Ivory Coast’s crude oil production could double to 100 000 barrels per day within the next two years if a technical problem with its main field is solved, an official said.
The rosy outlook comes as the West African state seeks to develop its energy and mining sectors to hedge against declines in its cocoa industry, the world’s largest but suffering from chronic underinvestment since a 2002-03 civil war.
Output from the offshore Baobab field, operated by Canadian Natural Resources, has been hamstrung by silting in the reservoir, but a solution may be found soon, N’Dri Koffi, Ivory Coast’s representative to the Extractive Industries Transparency Initiative (EITI) told Reuters in an interview.
“There are some problems with the Baobab field, which is silted. Solutions are being found and production could hit 100 000 barrels per day in two years,” he said.
Ivory Coast has been low on the list of African crude oil producers since it began development of its fields in the 1980s with output peaking earlier this decade at just above 60 000 bpd, compared with around 2 million bpd in Nigeria.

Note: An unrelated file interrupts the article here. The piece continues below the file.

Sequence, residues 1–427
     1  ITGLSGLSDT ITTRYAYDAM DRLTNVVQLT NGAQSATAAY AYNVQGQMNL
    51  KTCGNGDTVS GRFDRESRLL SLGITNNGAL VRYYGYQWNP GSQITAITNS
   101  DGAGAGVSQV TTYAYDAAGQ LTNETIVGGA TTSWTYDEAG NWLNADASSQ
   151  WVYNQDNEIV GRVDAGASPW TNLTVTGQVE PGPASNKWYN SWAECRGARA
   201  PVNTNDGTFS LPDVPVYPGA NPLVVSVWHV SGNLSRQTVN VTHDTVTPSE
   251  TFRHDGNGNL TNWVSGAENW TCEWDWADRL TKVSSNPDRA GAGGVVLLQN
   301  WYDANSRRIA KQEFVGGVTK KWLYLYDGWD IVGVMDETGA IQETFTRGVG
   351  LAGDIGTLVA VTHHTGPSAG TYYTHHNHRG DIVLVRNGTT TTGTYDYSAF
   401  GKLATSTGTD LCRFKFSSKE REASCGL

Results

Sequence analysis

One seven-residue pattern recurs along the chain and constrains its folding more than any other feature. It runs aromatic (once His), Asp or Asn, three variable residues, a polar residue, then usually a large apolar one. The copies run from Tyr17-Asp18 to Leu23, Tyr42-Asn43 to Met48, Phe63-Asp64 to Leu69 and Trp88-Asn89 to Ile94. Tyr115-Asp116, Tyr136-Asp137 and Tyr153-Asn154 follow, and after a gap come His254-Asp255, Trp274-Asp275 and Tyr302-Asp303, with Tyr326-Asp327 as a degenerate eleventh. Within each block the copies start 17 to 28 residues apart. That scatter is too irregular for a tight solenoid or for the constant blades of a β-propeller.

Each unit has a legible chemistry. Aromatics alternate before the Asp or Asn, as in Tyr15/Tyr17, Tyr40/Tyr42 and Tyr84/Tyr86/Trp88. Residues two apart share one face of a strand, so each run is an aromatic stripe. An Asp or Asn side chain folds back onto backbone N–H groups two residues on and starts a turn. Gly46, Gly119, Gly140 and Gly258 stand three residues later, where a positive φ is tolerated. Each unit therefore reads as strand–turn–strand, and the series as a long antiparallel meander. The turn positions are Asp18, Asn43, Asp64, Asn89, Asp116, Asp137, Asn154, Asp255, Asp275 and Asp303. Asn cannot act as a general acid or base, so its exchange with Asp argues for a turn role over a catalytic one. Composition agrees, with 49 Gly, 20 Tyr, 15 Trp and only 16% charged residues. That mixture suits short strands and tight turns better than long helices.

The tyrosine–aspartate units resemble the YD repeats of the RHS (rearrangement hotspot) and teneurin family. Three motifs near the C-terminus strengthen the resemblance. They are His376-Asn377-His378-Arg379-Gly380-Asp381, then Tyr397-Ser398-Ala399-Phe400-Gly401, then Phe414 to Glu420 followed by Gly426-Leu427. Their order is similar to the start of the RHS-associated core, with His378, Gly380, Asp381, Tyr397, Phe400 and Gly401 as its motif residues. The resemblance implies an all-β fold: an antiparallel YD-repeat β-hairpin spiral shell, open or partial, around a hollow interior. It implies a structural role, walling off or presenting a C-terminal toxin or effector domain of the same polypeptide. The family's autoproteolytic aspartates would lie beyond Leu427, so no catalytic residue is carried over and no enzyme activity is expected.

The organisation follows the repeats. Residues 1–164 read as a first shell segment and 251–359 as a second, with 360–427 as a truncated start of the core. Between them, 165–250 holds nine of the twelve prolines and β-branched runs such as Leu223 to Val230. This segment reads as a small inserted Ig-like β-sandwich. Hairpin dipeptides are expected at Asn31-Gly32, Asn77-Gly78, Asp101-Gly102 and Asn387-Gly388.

The country produced some 50 000 bpd of crude in 2009 from Baobab and the smaller Espoir reservoirs, up slightly from the 45 200 bpd produced in 2008, Koffi said.
Ivory Coast became a candidate country for international EITI programme in 2008, a step seen by donor countries as important to winning debt relief.
Koffi said Ivory Coast’s EITI committee would start to release figures of oil output and revenues every three months.
He said state revenues from the oil sector were forecast to reach 130 billion CFA francs ($244.6 million) in 2010.